Everything is subtext with Charles’s father. Dry, sarcastic, and slightly mean subtext, but still. He’s not around for many scenes in the novel, but his interactions with Charles are some of the novel’s most memorable, and certainly most comic. Mr. Ryder spends most of his time reading alone in the library. We know he’s a hermit because he made sure to "get rid of" Charles’s Aunt Phillipa and because he seems to aim at getting rid of Charles as well. When he does emerge, it is for the purposes of eating formal dinners and taunting other people for his own amusement.
Despite these misanthropic characteristics, Mr. Ryder is far from dislikable and certainly no villain. On the contrary, he’s more harmlessly amusing than anything else. In fact, the best way to think of Mr. Ryder is as a 1920s version of Dr. House. He’s self-centered, gruff, and mocking – but he’s hilarious and we all love him anyway.
Mr. Ryder allows for some great comparisons between Charles’s home life and Sebastian’s. While Sebastian has been utterly babied to death, Charles’s father doesn’t even care if he stays at Oxford or leaves:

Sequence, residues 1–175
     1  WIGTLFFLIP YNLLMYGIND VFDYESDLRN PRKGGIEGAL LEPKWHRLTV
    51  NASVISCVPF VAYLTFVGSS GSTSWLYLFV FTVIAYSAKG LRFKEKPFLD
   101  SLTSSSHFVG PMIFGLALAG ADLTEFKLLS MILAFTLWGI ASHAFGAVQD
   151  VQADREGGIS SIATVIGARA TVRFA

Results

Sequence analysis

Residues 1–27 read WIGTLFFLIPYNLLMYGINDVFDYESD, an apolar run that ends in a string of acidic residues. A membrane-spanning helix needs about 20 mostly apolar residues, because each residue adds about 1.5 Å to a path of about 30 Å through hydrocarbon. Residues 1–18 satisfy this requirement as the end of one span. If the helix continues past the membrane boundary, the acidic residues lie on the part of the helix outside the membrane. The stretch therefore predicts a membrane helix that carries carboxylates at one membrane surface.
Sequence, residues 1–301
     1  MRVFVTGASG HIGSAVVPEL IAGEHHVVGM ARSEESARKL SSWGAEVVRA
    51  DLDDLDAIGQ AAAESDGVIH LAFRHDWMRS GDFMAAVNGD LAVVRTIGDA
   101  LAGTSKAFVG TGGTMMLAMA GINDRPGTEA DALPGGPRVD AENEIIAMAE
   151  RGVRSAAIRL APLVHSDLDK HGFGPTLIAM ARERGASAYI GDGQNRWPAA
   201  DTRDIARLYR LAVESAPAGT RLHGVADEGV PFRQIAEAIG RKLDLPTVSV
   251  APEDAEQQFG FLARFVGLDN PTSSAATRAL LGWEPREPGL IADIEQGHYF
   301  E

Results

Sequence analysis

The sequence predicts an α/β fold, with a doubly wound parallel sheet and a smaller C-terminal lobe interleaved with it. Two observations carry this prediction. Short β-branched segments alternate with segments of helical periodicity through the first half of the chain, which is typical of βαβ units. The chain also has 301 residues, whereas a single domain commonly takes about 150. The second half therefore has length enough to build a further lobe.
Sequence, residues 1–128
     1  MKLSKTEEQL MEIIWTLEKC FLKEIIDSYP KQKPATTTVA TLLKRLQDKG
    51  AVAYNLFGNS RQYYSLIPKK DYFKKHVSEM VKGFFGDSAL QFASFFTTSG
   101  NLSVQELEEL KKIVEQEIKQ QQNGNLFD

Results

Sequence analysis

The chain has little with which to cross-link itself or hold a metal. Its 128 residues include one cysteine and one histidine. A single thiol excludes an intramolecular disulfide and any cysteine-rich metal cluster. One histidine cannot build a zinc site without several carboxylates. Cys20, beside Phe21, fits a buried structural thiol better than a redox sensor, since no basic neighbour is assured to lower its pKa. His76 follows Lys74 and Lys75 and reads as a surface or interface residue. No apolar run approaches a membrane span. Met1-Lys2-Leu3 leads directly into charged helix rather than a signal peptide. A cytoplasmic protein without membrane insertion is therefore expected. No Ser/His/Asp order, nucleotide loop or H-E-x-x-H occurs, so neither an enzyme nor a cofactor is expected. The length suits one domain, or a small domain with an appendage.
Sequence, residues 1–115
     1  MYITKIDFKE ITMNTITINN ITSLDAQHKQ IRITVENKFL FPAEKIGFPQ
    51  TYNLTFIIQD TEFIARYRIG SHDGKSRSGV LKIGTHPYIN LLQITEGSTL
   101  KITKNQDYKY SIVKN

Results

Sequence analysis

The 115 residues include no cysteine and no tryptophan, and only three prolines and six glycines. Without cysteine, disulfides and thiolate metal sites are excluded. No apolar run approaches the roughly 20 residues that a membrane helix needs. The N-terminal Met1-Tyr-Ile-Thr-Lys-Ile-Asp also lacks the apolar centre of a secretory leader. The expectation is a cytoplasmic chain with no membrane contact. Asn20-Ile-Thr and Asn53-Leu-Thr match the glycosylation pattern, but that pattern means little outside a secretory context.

"Then you agree to my leaving Oxford?"
"Agree? Agree? My dear boy, you're twenty-two."
"Twenty," I said, "twenty-one in October."
"Is that all? It seems much longer."
Sebastian can’t seem to escape his family; Charles isn’t even wanted at home. Sebastian greets his father with a kiss, and Charles notes that he himself "has not kissed [his] father since [he] left the nursery." The more we see of Sebastian’s family, the more we are aware of the fundamental differences between his and Charles’s upbringing.